mmr_context_create()

Create a context.

Synopsis:

#include <mm/renderer/renderer.h>
 
mmr_context_t* mmr_context_create(mmr_connection_t *connection,
                                  const char *name,
                                  unsigned flags,
                                  mode_t mode)

Since:

BlackBerry 10.0.0

Arguments:

connection

An mm-renderer connection handle.

name

The name of the context. This must be a valid filename that is unique system wide.

flags

Must be zero. No flags are defined for now.

mode

Permission flags controlling which processes can access the context. These flags are specified in a standard POSIX permissions bitfield. The w bits control which processes can open secondary handles to access the context. The r and x bits provide access to mm-renderer events related to the context. In this bitfield, the user permissions apply to the caller and to any process with the same effective user ID (euid). You must set these permissions appropriately to grant your application (or other applications running with the same euid) sufficient access to the context being created. The group permissions apply to processes with an effective group ID (egid) or a supplementary group ID matching the caller's egid. The other permissions apply to all other processes.

Library:

libmmrndclient (For the qcc command, use the -l mrndclient option to link against this library)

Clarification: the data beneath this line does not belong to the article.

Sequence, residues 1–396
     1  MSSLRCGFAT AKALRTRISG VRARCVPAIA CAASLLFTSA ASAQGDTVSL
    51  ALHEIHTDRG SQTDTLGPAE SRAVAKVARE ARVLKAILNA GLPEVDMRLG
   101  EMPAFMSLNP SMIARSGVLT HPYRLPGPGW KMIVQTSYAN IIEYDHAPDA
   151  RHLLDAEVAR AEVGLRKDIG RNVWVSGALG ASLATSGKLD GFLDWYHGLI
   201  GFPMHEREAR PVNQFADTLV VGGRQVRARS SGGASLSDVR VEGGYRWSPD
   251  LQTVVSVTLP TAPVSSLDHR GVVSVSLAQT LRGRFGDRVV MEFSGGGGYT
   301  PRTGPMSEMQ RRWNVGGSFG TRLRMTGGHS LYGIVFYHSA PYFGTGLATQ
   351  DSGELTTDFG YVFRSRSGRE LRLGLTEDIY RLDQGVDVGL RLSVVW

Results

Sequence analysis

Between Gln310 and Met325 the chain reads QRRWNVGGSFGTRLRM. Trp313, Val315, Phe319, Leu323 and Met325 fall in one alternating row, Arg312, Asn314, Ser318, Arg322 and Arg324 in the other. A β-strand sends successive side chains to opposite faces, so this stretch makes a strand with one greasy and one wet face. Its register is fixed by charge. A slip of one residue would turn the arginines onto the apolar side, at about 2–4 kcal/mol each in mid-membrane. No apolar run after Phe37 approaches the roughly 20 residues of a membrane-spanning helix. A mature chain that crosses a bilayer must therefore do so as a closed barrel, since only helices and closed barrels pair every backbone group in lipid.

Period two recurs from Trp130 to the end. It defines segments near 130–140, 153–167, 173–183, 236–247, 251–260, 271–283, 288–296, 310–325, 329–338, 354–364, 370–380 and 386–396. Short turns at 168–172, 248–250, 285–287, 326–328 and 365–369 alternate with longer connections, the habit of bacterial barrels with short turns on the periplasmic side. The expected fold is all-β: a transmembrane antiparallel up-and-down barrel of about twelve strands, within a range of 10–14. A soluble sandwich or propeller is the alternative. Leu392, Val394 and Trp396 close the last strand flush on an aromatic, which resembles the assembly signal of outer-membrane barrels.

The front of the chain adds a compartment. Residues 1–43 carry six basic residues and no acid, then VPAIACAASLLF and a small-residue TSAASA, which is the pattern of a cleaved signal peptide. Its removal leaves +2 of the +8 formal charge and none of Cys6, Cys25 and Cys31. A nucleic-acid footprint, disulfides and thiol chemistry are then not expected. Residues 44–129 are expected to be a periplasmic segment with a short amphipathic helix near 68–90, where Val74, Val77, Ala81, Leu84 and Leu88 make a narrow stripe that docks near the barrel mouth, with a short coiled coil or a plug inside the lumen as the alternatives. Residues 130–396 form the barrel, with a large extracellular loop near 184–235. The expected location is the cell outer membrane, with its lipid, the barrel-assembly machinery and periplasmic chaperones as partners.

Description:

Create and open a new context with the specified name. Fail if a context with that name already exists. The name must be a valid filename and will show up in the pathname space, with its file mode flags set based on the mode argument. Note that there's not a direct mapping between the value given in mode and the file permissions assigned to the context directory. The description of mode explains how permissions specified in the function call are interpreted.

When successful, the function returns a handle, called the primary handle, for accessing the newly created context. You can create any number of secondary handles by calling mmr_context_open(), passing the same name used to create the primary handle.

To avoid memory leaks, every handle opened with mmr_context_create() needs to be closed, either explicitly through an API call or implicitly by terminating the process. When you close a primary handle, mm-renderer destroys the associated context. At this point, you can no longer use any secondary handles to that context, so you must close those handles by calling mmr_context_close() on each one.

Returns:

A handle on success, or a null pointer on failure (check errno).

Last modified: 2014-09-30



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